If you're someone who typically has trouble expressing your anger assertively, it might be helpful to try out some of the strategies listed below.

1) Recognize anger. This may sound simple but some people (especially those who tend to express things passive-aggressively) aren't necessarily conscious of their anger. You can recognize anger by asking yourself things like, how does my body feel right now? What were things that might have triggered anger? Where is the anger coming from?

2) Learn to relax yourself.Relaxation skills like deep breathing and using mental imagery can really help.Visualize yourself doing something relaxing (i.e. on vacation, lying on the beach, in a hammock, etc. ). Take a few deep, abdominal breaths (this means breathing from your belly rather than your chest). Additionally, you can try mentally repeating a calming word or phrase to yourself like a mantra ("Take it easy", "You're okay", etc. ).

3) Restructure your thoughts. This is a fancy way of saying: change the way you think. When you're angry you might notice that things become exaggerated and feel more important than they probably do when you think about them later. You can often replace these exaggerated thoughts with more rational ones both in your own mind (with positive self-statements and/or humor) and in the way you talk to other people. Using what's called "I statements" can be helpful in this regard. This means that you start all of your sentences with "I feel. . . " or "I think. . . . " instead of things like "You never. . . " or "You should. . . "By doing this you begin to take responsibility for your own feelings, stop blaming others for your anger, and help other people feel less defensive and more able to listen to you.

A big part of changing your thoughts can be paying close attention to your use of words like "should", "always", and "never". These kinds of absolutes are often not only inaccurate but blaming. They can lead to further anger and defensiveness. Ask yourself, "Just because I want something to happen, does that mean it "should"? Is it true that my partner "always" disappoints me? Is it true that my mother "never" listens?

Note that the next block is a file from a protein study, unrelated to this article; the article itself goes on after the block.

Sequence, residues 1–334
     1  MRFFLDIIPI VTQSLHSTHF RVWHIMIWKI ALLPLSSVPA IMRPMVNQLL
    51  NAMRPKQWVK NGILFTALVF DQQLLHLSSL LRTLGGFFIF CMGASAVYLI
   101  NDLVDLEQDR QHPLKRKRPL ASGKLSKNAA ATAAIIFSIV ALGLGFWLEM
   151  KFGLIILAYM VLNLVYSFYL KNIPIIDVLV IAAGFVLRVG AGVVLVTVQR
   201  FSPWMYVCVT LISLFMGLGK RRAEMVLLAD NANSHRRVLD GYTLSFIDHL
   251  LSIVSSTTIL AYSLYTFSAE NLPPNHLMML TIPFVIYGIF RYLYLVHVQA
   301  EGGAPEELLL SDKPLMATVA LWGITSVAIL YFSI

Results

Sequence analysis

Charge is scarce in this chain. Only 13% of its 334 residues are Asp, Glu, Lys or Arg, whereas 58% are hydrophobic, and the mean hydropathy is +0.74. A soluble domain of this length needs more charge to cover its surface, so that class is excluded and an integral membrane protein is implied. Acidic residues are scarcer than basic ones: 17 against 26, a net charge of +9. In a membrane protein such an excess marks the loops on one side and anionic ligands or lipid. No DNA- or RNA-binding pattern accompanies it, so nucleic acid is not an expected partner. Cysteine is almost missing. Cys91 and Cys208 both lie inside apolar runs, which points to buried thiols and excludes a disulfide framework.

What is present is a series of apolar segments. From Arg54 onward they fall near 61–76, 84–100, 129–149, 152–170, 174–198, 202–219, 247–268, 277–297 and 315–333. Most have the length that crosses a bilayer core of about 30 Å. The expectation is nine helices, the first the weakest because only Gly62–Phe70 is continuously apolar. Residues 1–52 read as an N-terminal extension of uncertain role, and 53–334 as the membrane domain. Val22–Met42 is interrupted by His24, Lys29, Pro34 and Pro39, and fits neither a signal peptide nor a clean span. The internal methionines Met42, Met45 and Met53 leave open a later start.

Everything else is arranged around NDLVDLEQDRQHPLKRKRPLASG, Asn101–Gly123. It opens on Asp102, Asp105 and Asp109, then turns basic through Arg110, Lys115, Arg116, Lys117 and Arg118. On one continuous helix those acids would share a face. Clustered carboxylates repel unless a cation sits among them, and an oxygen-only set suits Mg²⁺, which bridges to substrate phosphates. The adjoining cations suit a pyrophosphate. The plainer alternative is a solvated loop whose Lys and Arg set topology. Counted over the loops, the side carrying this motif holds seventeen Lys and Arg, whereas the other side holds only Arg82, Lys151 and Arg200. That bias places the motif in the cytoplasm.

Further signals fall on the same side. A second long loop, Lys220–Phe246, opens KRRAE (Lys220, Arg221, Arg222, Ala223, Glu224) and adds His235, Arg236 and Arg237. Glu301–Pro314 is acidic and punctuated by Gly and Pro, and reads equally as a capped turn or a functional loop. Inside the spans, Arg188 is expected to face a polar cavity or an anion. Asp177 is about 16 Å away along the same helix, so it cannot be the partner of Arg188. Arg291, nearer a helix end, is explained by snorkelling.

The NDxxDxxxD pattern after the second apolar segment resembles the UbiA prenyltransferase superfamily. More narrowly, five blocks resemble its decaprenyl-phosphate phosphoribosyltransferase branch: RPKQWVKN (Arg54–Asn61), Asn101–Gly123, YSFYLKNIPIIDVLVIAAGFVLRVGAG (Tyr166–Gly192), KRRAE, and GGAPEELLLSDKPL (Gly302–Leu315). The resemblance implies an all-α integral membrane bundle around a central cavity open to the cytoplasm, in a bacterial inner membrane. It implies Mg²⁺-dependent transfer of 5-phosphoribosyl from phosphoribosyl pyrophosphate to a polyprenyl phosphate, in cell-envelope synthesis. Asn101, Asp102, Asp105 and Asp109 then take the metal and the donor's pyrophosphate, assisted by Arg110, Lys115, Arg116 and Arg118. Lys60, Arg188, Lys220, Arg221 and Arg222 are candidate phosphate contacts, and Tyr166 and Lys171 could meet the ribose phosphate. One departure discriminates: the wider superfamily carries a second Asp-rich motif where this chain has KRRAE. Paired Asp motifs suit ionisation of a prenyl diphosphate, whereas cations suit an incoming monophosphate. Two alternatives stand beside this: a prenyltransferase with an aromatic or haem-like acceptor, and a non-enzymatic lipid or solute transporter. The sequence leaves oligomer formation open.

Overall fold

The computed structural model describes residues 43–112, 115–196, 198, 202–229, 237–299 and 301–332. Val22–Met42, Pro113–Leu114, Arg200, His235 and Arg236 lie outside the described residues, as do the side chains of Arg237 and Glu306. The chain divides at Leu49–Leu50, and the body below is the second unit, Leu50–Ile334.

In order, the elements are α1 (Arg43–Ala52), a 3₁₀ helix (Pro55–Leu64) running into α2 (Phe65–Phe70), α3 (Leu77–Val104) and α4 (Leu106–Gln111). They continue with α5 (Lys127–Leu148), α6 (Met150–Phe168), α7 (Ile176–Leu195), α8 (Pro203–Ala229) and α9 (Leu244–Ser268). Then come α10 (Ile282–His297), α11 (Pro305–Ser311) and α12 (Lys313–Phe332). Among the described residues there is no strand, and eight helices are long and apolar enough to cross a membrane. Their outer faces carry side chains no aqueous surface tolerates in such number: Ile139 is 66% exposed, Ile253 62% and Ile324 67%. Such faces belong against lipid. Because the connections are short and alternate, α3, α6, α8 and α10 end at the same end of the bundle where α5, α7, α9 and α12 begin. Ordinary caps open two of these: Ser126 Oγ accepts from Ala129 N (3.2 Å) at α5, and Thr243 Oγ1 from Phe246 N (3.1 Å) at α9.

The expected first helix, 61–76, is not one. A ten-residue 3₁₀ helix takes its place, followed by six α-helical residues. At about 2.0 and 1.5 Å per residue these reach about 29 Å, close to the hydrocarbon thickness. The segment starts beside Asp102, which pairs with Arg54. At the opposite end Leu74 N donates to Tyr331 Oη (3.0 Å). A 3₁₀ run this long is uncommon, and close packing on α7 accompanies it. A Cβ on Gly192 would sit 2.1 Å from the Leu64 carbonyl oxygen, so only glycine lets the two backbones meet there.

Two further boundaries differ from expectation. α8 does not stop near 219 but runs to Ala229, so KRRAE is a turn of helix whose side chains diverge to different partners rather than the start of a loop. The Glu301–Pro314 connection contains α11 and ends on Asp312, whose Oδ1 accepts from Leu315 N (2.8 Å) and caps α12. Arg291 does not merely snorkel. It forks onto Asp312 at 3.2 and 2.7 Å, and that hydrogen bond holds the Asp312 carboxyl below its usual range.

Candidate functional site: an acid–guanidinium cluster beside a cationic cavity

4)Communicate more clearly. Using "I statements" is one technique for doing this. The idea is that you want to slow yourself down so that you have time to think about what you want to say rather than just blurting out the first angry thought that comes to your mind. Taking time to think of how you want to respond also gives you time to really listen to what the other person is saying. When you really hear what they're saying, this might change what you want to say in response.

5)Change your environment. If there are particular situations or people that regularly frustrate you, maybe you need a change of environment. It's okay to take a break from people you are often angry at--even (or especially) if you're in the middle of an argument and think you might say or do something you'll regret.Sometimes simple environmental changes like taking more alone time, getting enough sleep, or walking away from a heated argument can help reduce your anger.

6) Evaluate yourself and your responses. After a conflict, ask yourself: What happened there? What did I do well? What could I do better next time? Did I handle my anger assertively or did I act out in one of the other, less healthy ways?

When you learn how to manage anger in a healthy way, it stops being a scary emotion and becomes just another feeling that comes and passes like any other.Knowing that anger will pass can help you take it less seriously and not get bogged down in it.